2. ‘the trouble is people can’t “do” discipleship because they are so wrapped up and worried about whether they are Ok with God or not.’

    Maybe that’s a false dichotomy. Discipleship is how we get right with God. God’s grace is Jesus’ call for us to follow him. We can’t receive grace if we will not follow. This costly grace is the treasure that we would gladly give everything for.


  3. I really really don’t understand this point of view – I haven’t read this in the bible. Discipleship isn’t “how we get right with God” Surely the whole point of Grace is that we can’t get right with God – all we can do is accept his free gift. You weren’t a disciple when you gave your life to Christ – quite the opposite – you were a sinner. You didn’t get yourself right with God – you accepted his free gift of grace. Now you have accepted it – why do you think you have to “get right with God” all of a sudden. You are already “right with God” – God has made you “right with God” – nothing you do is going to get you more right with God than you already are – what would make you think this is what discipleship is? Do you really believe that once you accept God’s free gift of grace you have to strive to retain it? Why put yourself under all this stress when the Bible tells you you don’t have to?

    Discipleship is about learning about what you already have – not striving to get it – and learning how to use what God has given you to make others aware of the kingdom.

    Where in the bible does it say that God’s grace is Jesus’ call for us to follow him – I believe that Titus 2 v 11 tells us that the grace of God has appeared to all men – the cross happened before you were even born. Your sins were forgiven before you even committed them (and all your future sins have already been forgiven – non of your sins are a surprise to God – he has already taken them into consideration). God’s grace is a free gift available to all – the ONLY thing we are called to do to receive that free gift is confess Jesus is Lord and believe he was raised from the dead. And because God knows that even this is too difficult for us – he even gives us the gift of faith so that we can receive the gift of grace. Following is something that comes purely and simply out of our believe and a grateful heart. Yes grace is free but it certainly wasn’t cheap – Jesus gave everything for us – and he asks nothing of us except we believe. Nothing has changed – that was all you were asked to do when you came to him – it’s all you are still asked to do. Just believe – just believe what the bible says you are and just believe what the bible says you have the power to do.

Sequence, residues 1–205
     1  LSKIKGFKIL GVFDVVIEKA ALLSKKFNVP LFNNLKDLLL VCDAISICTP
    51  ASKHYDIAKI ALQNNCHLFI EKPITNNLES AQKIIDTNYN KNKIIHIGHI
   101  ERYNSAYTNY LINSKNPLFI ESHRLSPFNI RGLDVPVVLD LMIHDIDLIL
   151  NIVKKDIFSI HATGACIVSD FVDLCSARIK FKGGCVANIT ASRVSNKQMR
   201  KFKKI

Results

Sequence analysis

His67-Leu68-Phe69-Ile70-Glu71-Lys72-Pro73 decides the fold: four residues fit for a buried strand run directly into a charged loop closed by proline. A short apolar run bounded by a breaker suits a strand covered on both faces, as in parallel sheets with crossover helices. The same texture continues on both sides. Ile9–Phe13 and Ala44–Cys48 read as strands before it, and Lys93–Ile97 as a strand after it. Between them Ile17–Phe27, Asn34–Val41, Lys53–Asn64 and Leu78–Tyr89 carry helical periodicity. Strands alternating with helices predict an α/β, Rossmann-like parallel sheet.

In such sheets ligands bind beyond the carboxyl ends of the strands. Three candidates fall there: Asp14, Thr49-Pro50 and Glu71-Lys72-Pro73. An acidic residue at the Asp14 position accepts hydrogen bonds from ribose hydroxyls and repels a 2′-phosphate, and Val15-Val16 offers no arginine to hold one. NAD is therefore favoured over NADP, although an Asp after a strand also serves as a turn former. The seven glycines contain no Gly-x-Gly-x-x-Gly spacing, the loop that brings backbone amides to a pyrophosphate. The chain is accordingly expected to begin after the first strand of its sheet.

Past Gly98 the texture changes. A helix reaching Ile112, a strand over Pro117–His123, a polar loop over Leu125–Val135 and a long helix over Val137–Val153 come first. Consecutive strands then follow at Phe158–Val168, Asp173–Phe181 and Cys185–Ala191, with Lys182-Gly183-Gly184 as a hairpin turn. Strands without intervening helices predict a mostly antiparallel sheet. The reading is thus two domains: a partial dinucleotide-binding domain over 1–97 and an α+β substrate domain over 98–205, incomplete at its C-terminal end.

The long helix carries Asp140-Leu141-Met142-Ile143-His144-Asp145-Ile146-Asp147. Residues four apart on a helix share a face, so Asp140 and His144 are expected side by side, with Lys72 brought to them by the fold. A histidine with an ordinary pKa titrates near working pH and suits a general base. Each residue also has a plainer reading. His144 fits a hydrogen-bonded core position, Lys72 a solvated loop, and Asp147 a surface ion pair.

Romans 7 tells us that the Christian life isn’t just difficult – it’s impossible to do in our own strength – praise the Lord for Romans 8 which tells us that we are victorious and can rely on his power to do everything.

    Surrender isn’t struggling with the flesh to try and get it in line with God’s word. Surrender is just admitting that we never can and never will achieve anything in our own strength to get right with God – just accept his free give and choose to operate in his strength.


  4. When Jesus called the Twelve, what did he say to them? Was it not ‘Follow me, and I will make you fishers of men.’ (Matthew 4:19). I’m not sure Jesus took the time to pray the sinners prayer with them, or explain a systematic theology of the incarnation of God or the atonement.